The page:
"Not a revelation, but an air of mystery should dwell in all works."
With its arresting textures and unexpected media, German artist Willi Siber’s work surprises at every turn. In his hands, heavy steel may appear as weightless as a balloon, while common materials—wood, nails, cardboard—combine into otherworldly, fantastical objects. Often, at least from afar, the components of Siber’s works are mysterious; only on inspection do we see that he achieves his miraculous results with simple ingredients, performing a kind of alchemy, transforming everyday matter through ingenious acts of repurposing and recombining.
The paintings, whose innovative techniques push them toward sculpture, can read from a distance as landscapes—aerial views of forests, perhaps, or ice-covered parts of the Arctic—or as microscopic lifeforms. Yet we sense that for Siber, such resemblances to reality are incidental. As art historian Sabine Heilig has written of his work, “He is not interested in the aesthetics of the material itself, but rather in its ability to be transformed.” Along with its formal inventiveness, Siber’s work is remarkable for its use of color. With a palette ranging from muted earth tones to electric hues of pink and green, he seems to match form to color as if by instinct. The bent-and-folded steel pipe sculptures, covered in pristine coats of enamel, possess a luxurious shimmer, beckoning like jewels, while other works, coated in darker, powdery hues, are quiet and subdued—a spectrum recalling the powerful work of minimalist artists as varied as Robert Ryman, John McCracken, and Craig Kauffman.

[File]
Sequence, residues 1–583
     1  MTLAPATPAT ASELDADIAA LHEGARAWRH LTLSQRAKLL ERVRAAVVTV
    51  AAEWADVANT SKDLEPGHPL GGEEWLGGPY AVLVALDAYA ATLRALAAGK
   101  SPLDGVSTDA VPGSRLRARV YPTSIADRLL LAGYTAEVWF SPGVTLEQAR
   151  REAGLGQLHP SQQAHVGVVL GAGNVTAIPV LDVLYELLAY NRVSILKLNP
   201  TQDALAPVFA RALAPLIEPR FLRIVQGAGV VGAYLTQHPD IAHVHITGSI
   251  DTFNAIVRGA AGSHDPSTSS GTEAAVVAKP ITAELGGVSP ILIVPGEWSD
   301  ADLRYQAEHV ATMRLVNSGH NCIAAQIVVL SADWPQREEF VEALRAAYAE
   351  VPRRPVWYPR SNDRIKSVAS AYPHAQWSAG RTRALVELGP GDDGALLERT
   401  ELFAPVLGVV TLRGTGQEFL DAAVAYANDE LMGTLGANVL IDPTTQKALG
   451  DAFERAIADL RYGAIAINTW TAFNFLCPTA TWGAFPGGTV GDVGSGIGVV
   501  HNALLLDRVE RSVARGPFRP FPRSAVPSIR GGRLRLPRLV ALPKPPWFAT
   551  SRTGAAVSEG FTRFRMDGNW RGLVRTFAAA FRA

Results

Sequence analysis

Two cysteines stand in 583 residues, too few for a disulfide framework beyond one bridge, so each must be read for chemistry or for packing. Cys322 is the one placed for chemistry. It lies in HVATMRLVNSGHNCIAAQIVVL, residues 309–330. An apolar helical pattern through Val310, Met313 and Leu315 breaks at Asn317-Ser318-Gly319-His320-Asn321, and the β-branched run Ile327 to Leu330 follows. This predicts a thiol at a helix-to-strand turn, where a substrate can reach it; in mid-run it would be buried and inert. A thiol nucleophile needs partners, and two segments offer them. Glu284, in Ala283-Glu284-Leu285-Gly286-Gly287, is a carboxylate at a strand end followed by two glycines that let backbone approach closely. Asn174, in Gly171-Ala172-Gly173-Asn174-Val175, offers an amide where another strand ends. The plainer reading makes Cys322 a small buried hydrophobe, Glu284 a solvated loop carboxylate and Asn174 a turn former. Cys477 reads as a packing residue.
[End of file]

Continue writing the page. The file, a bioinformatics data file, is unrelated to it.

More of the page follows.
Siber, born in Germany in 1949, earned his degree from the State Academy of Fine Arts in Stuttgart. An internationally exhibiting artist since 1990, Siber has shown his work at galleries, museums, and art fairs across Europe and the U.S. as well as in Seoul, Hong Kong, and Australia. Siber's work can be found in public collections across the world, including the German Bundestag Federal Republic in Berlin, the German Embassy in Buenos Aires, as well as Municipal Art Museums in Spendhaus, Reutlingen, and Schwäbisch Gmünd, and more.